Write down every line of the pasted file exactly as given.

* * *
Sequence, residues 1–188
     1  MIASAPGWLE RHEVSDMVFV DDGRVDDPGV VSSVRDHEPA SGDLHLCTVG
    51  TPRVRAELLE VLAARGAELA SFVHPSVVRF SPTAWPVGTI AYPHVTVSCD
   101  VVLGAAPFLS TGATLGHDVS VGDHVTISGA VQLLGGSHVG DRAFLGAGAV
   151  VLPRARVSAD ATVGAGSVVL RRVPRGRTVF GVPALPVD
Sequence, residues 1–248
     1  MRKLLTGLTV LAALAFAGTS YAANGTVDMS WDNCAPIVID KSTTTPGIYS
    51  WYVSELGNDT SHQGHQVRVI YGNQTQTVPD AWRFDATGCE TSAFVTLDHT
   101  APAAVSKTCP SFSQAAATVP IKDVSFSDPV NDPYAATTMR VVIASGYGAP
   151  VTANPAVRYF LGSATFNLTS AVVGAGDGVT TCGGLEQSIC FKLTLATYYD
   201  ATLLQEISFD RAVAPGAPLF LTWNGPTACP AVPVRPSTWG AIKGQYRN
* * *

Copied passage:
Sequence, residues 1–188
     1  MIASAPGWLE RHEVSDMVFV DDGRVDDPGV VSSVRDHEPA SGDLHLCTVG
    51  TPRVRAELLE VLAARGAELA SFVHPSVVRF SPTAWPVGTI AYPHVTVSCD
   101  VVLGAAPFLS TGATLGHDVS VGDHVTISGA VQLLGGSHVG DRAFLGAGAV
   151  VLPRARVSAD ATVGAGSVVL RRVPRGRTVF GVPALPVD
Sequence, residues 1–248
     1  MRKLLTGLTV LAALAFAGTS YAANGTVDMS WDNCAPIVID KSTTTPGIYS
    51  WYVSELGNDT SHQGHQVRVI YGNQTQTVPD AWRFDATGCE TSAFVTLDHT
   101  APAAVSKTCP SFSQAAATVP IKDVSFSDPV NDPYAATTMR VVIASGYGAP
   151  VTANPAVRYF LGSATFNLTS AVVGAGDGVT TCGGLEQSIC FKLTLATYYD
   201  ATLLQEISFD RAVAPGAPLF LTWNGPTACP AVPVRPSTWG AIKGQYRN